With almost glacial slowness, Metro construction workers yesterday began delicately sinking the first of three giant subway tunnel sections into the Washington Channel - another link in the long-planned "second cross" of the Potomac River by Metro.

The painstaking engineering feat should be completed sometime tomorrow when the 340-foot long prefabricated steel section comes to rest in a specially dug trench 60 feet below the channel's surface.

Workmen pumped tons of concrete into ballast boxes along the sides of the floating section yesterday, forcing it to sink slowly into the muddy channel water. Four winches with cables mounted on huge barges held the section in place, keeping it level and regulating its slow descent.

"It's a simple positive method of putting in a tube," said resident engineer Ted Brayman as he led a group of reporters and photographers on a tour among the maze of cranes, cables, ladders, bollards and steel girders surrounding the tunnel section.

The 1,200-ton tube - one of three manufactured at Port Deposit, Md., and floated down the Chesapeake Bay and up the Potomac estuary to the Washington Channel last year - is plugged at both ends with steel bulkheads. It bobbed on the water like a gargantuan metal cork.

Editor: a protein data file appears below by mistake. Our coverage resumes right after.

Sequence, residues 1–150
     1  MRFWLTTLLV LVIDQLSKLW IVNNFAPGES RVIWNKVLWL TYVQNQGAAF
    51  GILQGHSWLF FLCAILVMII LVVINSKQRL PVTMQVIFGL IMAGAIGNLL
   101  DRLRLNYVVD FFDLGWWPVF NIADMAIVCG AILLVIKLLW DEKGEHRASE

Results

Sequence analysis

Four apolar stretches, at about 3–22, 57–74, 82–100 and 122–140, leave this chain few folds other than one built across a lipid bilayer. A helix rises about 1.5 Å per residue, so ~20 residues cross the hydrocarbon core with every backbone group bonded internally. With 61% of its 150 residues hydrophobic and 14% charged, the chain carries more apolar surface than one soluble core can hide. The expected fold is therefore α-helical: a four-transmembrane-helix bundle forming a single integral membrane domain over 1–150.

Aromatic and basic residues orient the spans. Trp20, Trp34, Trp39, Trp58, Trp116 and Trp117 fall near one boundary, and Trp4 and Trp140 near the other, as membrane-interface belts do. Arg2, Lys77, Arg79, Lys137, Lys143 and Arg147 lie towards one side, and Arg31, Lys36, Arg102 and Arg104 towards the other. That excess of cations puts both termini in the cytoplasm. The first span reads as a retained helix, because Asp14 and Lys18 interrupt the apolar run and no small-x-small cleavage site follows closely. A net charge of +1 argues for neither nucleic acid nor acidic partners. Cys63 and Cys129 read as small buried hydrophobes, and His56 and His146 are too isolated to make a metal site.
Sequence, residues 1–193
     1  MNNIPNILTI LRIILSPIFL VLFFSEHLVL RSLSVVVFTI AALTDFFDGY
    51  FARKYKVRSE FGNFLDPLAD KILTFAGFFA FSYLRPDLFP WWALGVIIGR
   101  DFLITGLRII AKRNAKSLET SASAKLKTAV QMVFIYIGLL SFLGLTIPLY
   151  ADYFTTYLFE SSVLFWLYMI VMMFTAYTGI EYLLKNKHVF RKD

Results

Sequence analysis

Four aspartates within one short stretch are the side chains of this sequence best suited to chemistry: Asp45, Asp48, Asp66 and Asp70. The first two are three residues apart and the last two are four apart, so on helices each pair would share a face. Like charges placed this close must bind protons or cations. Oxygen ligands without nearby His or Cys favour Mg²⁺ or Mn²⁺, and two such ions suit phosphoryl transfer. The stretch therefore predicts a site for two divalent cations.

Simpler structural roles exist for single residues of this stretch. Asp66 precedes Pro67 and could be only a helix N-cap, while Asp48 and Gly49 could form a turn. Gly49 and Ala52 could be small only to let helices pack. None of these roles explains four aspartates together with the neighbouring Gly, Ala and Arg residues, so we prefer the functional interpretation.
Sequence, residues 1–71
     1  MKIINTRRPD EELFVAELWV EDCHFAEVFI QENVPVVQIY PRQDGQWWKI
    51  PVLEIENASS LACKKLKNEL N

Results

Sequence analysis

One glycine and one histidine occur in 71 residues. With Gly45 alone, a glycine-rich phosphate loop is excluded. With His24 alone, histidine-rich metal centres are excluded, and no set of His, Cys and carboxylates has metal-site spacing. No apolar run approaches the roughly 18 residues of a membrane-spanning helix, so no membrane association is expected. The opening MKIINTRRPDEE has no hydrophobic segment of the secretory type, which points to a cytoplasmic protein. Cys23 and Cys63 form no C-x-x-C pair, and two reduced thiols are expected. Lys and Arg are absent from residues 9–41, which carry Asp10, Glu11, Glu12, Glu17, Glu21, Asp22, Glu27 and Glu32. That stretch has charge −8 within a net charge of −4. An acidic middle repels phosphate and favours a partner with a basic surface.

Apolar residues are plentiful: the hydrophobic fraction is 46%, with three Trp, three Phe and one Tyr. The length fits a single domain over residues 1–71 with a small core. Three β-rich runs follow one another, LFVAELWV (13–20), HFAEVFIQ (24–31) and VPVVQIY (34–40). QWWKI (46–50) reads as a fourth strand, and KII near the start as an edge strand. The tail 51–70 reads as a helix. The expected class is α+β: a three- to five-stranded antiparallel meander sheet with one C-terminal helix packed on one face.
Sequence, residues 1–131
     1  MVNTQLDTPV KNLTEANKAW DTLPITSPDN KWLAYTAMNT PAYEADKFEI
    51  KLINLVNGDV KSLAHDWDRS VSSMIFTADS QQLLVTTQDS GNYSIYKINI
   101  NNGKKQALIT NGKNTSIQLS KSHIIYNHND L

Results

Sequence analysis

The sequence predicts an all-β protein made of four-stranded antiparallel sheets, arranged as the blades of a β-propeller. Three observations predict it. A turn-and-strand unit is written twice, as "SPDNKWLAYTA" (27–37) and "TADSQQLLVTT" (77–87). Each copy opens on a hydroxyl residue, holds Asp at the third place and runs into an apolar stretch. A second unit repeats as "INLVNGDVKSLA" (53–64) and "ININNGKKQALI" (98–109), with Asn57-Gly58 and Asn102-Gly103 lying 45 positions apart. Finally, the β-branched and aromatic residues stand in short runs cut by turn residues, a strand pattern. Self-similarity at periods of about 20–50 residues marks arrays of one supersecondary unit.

Brayman said the submersion must be slow and precise to ensure that the section comes to rest in exactly the right position - on the west side of the channel adjacent to the Hains Point peninsula in Southwest Washington.

A second tunnel section will be sunk and positioned on the east side of the channel in September, Brayman said, and the final, middle section connecting the other two will be put in place in October.

The sections will be sealed with special underwater concrete and the bulkheads removed so that workmen can enter and start laying track, Metro spokesman Cody Pfanstiehl said the line will not be opened for passenger service for at least three years.

Once completed, the tunnel will be part of Metro's Yellow Line connecting L'Enfant Plaza Station at 7th and D Streets SW with the Pentagon Station in suburban Virginia. This will provide a second crossing of the Potomac. The Blue Line currently connects downtown Washington with Rosslyn in Arlington.